What percentage of Irish were "slaves" over the past millennium?

Over the past one thousand years were a significant percentage of Irish taken as slaves?

  • Zero to ten percent of the Irish of the past thousand years were probably "slaves"

    Votes: 0 0.0%
  • Eleven to twenty percent of the Irish of the past thousand years were likely "slaves"

    Votes: 1 100.0%
  • Twenty one to thirty percent of the Irish of the past thousand years were likely "slaves."

    Votes: 0 0.0%
  • Perhaps even more than thirty percent of the Irish of the past millennia were treated like slaves..

    Votes: 0 0.0%

  • Total voters

Dennis Tate

My dad's ancestors were mostly from Northern Ireland and before that Scotland.

My mom's ancestors mostly came from southern Ireland.

I have the impression that my dad's ancestors did not treat my mom's ancestors very well by 2021 standards.

I like the way that this article takes the topic back to the time of the Vikings to set the foundation for this idea.


Slavery in Ireland only really hit its height with the arrival of the Vikings. This warlike foreign force was fond of their thralls, slaves they took from the people they raided and conquered. Dublin served as a significant hub for the sale of Gaelic slaves both domestically and internationally. Such slaves were so prolific throughout the Norse world that a significant proportion of Scandinavian DNA can be traced back to Irish slaves. This goes especially for Iceland, where the DNA of the average resident is around 30% Gaelic.

To say the life of a thrall was brutal would be a massive understatement. Both physical and psychological abuse was common for these slaves. In fact, it appears that, upon their master’s death, thralls were often ritually sacrificed in order to follow their master into the afterlife.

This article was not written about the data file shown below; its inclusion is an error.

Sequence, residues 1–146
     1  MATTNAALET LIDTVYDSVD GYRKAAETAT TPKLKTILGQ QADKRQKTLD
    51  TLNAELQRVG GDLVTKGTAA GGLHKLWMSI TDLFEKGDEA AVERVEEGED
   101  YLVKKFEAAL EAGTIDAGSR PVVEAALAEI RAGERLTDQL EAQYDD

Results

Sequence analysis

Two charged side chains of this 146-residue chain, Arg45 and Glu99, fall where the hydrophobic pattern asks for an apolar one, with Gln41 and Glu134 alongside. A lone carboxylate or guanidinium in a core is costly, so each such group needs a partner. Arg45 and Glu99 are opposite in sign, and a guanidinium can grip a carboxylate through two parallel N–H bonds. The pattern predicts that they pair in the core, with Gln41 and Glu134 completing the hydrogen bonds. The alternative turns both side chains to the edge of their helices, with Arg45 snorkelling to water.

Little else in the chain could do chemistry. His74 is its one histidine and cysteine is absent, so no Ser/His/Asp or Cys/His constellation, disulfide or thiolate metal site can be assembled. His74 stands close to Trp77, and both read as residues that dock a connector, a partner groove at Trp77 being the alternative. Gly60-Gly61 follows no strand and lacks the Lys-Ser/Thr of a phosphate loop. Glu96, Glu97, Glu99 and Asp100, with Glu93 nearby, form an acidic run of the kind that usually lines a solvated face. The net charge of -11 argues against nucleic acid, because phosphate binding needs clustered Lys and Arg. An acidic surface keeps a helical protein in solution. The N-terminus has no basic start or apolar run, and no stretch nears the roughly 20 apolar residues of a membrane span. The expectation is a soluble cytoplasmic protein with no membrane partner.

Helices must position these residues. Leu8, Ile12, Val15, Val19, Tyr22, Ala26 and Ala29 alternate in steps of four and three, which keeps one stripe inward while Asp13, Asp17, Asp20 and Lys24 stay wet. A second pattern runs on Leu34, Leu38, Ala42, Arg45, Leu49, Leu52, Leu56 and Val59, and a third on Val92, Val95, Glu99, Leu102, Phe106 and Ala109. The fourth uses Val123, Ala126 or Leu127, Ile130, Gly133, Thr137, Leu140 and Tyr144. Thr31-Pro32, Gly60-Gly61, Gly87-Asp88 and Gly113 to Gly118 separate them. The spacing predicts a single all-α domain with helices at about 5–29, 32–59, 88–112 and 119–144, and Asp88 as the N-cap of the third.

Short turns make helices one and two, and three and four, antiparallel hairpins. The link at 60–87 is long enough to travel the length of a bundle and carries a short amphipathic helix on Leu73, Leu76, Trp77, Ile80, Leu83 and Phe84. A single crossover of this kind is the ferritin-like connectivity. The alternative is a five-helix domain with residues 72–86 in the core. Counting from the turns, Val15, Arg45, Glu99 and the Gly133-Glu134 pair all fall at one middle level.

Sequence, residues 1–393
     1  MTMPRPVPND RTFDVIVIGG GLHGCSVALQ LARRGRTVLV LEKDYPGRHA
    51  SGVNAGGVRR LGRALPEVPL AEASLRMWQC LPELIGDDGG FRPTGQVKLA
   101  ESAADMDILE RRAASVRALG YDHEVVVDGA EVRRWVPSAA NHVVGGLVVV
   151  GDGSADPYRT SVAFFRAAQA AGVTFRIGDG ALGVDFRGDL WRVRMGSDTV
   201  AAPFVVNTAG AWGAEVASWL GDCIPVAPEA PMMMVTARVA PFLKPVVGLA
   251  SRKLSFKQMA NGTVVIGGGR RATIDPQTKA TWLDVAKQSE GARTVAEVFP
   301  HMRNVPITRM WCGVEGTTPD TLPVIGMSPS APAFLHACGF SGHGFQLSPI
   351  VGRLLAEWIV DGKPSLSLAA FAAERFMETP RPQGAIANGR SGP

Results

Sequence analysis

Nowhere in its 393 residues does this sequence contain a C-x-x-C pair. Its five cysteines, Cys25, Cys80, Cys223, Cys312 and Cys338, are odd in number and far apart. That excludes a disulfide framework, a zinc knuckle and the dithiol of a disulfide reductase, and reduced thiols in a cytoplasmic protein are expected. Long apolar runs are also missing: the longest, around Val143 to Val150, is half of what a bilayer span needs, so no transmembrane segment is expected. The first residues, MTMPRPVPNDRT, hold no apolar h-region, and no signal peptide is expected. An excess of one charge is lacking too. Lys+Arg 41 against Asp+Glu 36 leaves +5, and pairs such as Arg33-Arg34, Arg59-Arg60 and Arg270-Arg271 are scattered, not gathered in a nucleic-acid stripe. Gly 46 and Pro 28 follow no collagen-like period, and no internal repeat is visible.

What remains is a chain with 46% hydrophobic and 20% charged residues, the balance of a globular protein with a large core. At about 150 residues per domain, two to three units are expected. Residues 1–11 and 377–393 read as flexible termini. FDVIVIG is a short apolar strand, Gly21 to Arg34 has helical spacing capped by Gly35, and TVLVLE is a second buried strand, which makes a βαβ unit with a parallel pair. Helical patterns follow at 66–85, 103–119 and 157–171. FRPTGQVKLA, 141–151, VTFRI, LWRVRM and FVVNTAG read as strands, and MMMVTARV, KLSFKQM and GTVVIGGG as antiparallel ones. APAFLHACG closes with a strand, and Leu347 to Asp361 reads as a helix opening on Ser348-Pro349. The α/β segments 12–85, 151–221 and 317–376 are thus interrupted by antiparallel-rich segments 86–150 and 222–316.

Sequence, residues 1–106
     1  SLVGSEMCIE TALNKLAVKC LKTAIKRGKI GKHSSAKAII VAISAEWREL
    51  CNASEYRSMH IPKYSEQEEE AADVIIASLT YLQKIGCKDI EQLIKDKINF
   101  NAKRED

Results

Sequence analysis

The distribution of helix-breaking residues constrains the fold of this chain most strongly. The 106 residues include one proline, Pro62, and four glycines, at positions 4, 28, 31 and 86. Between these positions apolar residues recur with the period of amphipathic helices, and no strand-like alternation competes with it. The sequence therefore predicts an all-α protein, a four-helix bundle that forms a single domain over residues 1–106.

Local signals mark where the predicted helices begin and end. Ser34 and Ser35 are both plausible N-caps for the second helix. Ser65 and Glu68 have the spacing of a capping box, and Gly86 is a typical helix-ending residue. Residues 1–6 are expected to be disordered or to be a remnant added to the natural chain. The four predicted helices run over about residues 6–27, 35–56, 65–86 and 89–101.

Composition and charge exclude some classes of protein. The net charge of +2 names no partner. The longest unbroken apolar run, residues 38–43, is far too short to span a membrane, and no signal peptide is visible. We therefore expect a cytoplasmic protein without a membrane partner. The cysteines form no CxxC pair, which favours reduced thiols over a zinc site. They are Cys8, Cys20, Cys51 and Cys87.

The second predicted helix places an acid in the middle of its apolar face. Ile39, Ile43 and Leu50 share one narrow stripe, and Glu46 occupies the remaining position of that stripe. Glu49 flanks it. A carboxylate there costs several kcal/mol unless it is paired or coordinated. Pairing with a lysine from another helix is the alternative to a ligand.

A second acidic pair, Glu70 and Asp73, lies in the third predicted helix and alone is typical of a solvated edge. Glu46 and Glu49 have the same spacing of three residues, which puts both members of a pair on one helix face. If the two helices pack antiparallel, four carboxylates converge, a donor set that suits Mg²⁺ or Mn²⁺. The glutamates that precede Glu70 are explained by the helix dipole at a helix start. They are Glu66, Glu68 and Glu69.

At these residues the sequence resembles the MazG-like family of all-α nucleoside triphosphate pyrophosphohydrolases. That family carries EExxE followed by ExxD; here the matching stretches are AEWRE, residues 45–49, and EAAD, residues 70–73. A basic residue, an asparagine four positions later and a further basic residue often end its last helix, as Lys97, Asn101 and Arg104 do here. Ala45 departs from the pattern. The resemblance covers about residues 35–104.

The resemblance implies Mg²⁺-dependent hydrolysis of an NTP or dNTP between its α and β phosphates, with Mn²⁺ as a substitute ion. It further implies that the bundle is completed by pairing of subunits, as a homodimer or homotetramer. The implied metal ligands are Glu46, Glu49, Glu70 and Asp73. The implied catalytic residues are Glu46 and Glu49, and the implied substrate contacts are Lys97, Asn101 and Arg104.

Arab explorer and theologian Ibn Fadlan describes one such sacrifice in gruesome detail, writing that a female slave was raped by multiple men, stabbed, and finally throttled, before burning with her master and the rest of his grave goods. While such 3rd party accounts of indigenous traditions should always be looked upon with a certain degree of skepticism, the archeological record strongly supports Ibn Fadlan’s account. It is rather common to find beheaded bodies alongside sans any grave goods alongside the remains of an important Viking.

However, perhaps the plight of the thrall occurred too long ago for the ‘intellectuals’ in our society to actually count it as relevant to our discussion. If such is the case, then I will turn our attention towards the Barbary slave trade.

From the early 16th to late 18th century, Barbary corsairs were a near constant threat on European shorelines. These pirates primarily traded in slaves, capturing unsuspecting people in coastal villages and selling them in their base cities of Algiers, Tripoli and Tunis. White slaves were of particular value to these pirates, with caucasian females often fetching far higher prices within the Ottoman trade compared to women of other backgrounds. Historians estimate that up to 1.25 million people of European descent were abducted and sold into slavery by these pirates.

The Sack of Baltimore in West Cork is perhaps the most famous of these Barbary raids. Led by famous Dutch Muslim convert and pirate, Murat Reis the Younger, Barbary pirates abducted the entire population of mostly Protestant settlers in a single night. As a result, Baltimore was abandoned until the 18th century.